Legal Magazine

Abortion in Brazil: A Legal Perspective

Posted on the 30 September 2014 by Angelicolaw @AngelicoLaw

Abortion is one issue that strikes fierce debate worldwide. Our religious, political and cultural beliefs all impact our opinion on the subject. In the United States, the 1973 landmark case Roe v. Wade was decided by the Supreme Court and continues to incite lively discussions among family, friends and foes alike.

In Latin America, the teachings of the Catholic Church have undoubtedly influenced public opinion. According to a recent BBC report, seven Latin American countries have an outright ban on abortion. Chile, the Dominican Republic, El Salvador, Haiti, Honduras, Nicaragua and Suriname all make abortion illegal without any exceptions.

While Brazil does not find itself in the group of seven, Brazil still makes it difficult for women to freely get abortions. In Brazil a woman can only legally get an abortion under three circumstances:

  • if she was raped,
  • if there is a congenital brain disorder with the fetus, or
  • if the mother’s life is in danger.

Even then it can be a battle to obtain permission. This has caused many women to seek illegal, underground abortions, which often lead to complications.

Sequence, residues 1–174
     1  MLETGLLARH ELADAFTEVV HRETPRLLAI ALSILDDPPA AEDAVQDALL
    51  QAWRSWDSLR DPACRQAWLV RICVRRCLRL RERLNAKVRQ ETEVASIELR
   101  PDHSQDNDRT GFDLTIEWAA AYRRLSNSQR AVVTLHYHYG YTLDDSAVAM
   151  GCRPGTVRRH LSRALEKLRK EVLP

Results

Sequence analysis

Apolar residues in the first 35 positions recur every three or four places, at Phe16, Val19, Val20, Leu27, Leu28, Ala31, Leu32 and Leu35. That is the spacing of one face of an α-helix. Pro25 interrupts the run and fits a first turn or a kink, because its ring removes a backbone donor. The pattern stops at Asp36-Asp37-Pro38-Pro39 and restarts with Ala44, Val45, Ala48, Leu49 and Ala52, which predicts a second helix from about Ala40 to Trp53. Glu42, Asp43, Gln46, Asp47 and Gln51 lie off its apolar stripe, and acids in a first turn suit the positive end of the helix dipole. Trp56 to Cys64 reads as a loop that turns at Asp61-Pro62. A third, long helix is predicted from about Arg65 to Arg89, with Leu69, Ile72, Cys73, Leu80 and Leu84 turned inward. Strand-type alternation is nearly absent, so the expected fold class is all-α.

While just 1,613 abortions were performed legally in Brazil in 2012, it is estimated that there are between 800,000 and 1.2 million illegal abortions annually. About a quarter of a million women annually seek medical care for complications associated with illegal abortions, and every year there are women that die from illegal abortions.

In his recent visit to Brazil for World Youth Day, Pope Francis took many people by surprise with his unexpected, somewhat liberal comments about homosexuality. These comments had many observers hoping that the “People’s Pope” would express a similar, more lenient view on abortion rights. However, the Pope has remained adamant about the Church’s position against abortion.

The stigma associated with abortion in Brazil has led many people to publicly renounce abortion while privately being more supportive of it. But few expect there to be much change to Brazil’s abortion law in the near term. For now, unless they fit into one of the exceptions, most women only have the option of either illegally terminating the pregnancy or carrying the child to full-term.

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